Press Release

Welch Heralds ‘EMS ROCS Act’ as Commonsense Way to Support Rural Communities; Brings Together Rural Providers to Discuss Importance for Vermont’s Emergency Medical Service Providers

Jan 5, 2024

Bill Aligns Medicare Payments for EMS Providers with Community Needs, Ensures EMS Can Provide Essential Medical Care to Rural Communities

BETHEL, VT – On January 5, Sen. Peter Welch (D-Vt.) joined EMS providers at White River Valley Ambulance to tour the facility and discuss the Emergency Medical Services Reimbursement for On-scene Care and Support (EMS ROCS) Act, a bicameral bill that requires the government to pay for vital EMS services, regardless of whether a person needs an ambulance ride to the hospital. The bill was recently introduced in the Senate by Sen. Welch and Sen. Bernie Sanders (I-Vt.), and in the House by Rep. Becca Balint (VT-AL)

“It was a privilege to meet with EMS providers today in Bethel to hear their incredible work for Vermonters as frontline responders to medical emergencies. Their essential work and services deserve reimbursement. The EMS ROCS Act would require our government to cover the costs of critical EMS services even when a patient does not receive an ambulance ride to the hospital,” said Sen. Welch. “By modernizing Medicare, this bill ensures that EMS like the extraordinary providers I met today at White River Valley Ambulance will be paid for their invaluable services and will be able to continue to provide crucial medical care for our communities.” 

Currently, Medicare does not reimburse Emergency Medical Services (EMS) providers unless the patient is transported to a hospital. However, EMS providers regularly deliver vital services on-scene when responding to 911 calls. In rural communities, the demand for EMS services for medical emergencies continues to increase—especially for Medicare beneficiaries, who make up approximately 40% of patients treated by EMS. This bill would provide Medicare reimbursement for care provided by EMS on-scene, when transportation to the hospital is not needed.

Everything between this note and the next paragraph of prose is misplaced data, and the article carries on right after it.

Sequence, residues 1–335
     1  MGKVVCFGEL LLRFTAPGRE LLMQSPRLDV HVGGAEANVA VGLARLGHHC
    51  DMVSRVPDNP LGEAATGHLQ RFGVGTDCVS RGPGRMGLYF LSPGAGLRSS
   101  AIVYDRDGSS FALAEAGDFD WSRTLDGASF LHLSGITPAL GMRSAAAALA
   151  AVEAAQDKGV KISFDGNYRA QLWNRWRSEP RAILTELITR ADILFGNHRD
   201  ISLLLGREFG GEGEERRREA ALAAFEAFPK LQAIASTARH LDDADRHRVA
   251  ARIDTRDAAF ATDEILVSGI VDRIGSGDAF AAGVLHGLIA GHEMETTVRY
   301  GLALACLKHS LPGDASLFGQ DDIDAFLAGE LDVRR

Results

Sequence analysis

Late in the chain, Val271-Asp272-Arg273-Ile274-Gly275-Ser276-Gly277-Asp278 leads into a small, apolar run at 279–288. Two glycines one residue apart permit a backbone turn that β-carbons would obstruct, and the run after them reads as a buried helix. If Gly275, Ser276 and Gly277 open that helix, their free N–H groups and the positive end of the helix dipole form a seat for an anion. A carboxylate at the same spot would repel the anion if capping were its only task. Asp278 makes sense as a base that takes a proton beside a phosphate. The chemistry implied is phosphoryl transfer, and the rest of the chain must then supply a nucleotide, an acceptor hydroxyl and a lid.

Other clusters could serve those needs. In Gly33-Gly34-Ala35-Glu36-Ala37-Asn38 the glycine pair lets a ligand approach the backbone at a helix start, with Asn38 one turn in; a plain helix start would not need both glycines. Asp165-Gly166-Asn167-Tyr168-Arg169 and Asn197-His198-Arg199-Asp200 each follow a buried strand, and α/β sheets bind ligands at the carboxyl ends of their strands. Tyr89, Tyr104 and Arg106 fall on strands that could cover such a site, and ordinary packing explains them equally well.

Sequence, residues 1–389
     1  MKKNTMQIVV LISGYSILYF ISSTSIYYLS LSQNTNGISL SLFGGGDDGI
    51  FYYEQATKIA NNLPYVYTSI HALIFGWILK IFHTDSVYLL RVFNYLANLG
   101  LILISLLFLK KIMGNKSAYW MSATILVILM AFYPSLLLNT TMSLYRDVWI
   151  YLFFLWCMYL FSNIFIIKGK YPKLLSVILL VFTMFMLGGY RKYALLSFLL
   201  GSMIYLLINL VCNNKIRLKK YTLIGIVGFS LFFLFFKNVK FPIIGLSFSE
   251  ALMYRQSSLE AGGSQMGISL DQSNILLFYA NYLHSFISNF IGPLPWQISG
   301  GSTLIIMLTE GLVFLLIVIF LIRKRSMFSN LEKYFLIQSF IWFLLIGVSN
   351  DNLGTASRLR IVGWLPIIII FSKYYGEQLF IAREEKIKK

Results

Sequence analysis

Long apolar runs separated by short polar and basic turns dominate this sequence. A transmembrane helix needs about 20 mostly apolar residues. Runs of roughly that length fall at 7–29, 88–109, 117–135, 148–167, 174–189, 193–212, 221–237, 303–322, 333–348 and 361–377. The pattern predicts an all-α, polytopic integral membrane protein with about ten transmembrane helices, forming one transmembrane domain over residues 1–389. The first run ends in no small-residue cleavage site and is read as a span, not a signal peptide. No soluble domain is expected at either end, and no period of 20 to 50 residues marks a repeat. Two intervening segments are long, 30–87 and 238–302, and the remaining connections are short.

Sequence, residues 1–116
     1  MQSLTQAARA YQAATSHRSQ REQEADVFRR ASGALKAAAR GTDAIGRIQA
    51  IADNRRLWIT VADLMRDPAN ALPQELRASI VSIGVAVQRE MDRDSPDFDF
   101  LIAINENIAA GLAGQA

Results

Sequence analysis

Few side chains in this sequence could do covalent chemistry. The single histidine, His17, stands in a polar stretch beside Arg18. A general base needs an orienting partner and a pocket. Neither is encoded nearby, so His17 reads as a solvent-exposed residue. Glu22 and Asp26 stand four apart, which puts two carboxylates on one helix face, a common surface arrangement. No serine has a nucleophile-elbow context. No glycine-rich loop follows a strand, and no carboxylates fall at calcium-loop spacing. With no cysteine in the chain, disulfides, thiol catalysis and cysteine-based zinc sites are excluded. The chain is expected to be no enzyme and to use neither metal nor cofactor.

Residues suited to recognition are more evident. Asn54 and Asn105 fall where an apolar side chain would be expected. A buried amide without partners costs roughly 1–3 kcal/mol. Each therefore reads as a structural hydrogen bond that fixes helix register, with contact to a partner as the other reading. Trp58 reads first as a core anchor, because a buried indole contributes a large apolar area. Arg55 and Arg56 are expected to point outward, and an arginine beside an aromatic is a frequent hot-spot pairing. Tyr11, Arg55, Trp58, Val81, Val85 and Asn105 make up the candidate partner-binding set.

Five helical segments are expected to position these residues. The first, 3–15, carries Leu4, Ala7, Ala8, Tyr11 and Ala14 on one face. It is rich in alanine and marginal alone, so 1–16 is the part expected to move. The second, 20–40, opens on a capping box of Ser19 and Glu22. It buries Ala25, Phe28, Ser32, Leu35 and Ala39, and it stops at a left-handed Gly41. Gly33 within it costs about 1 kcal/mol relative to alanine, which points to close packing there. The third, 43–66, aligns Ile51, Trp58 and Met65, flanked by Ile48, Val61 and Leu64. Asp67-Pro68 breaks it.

“Simply put, EMS are the first responders to some of people’s most difficult moments, and often are the difference between life and death,” said Sen. Sanders. “We must do everything we can to ensure they receive the support and resources they need and deserve, and that includes reimbursement for all the care they provide. Rural communities in Vermont and across the country depend on their essential services and this bill is a right step forward in helping EMS agencies get fairly compensated for these services– even when transportation to the hospital is not needed.” 

“EMS workers shoulder incredible responsibility on the front lines of Vermont’s overdose crisis and in our pandemic recovery. Rural communities depend on these essential services to close care gaps and this commonsense legislation is critical to ensuring EMS get properly reimbursed for this lifesaving work. I’m proud to join Senators Welch and Sanders in supporting our health care workers and fighting for access to high quality care in every community,” said Rep. Balint. 

“Ambulance services across Vermont and the country are stressed by workforce shortages, high inflation, and increased labor and fuel costs. On top of this, our EMS staff respond to calls that do not require transport to the hospital and receive no payment from Medicare,” said James Finger, President of the Vermont Ambulance Association. “The Vermont Congressional Delegation’s EMS ROCS Act would help recover costs during these hard times. We hope for quick passage, and greatly appreciate Senator Welch and the Delegation’s support and introduction of this bill because EMS does indeed ‘Rock!’”  

Inflationary pressures, coupled with the increasing volume of services that are ineligible for reimbursement, pose a serious threat to EMS providers, particularly those serving rural and older communities. These challenges are forcing EMS providers to curtail service and, in some areas, shut down services entirely. In recent years, several EMS providers in rural Vermont have closed their doors due to mounting expenses, leaving local residents with fewer options for emergency services.   

Read more on the EMS ROCS Act here

Read the full text of the bill here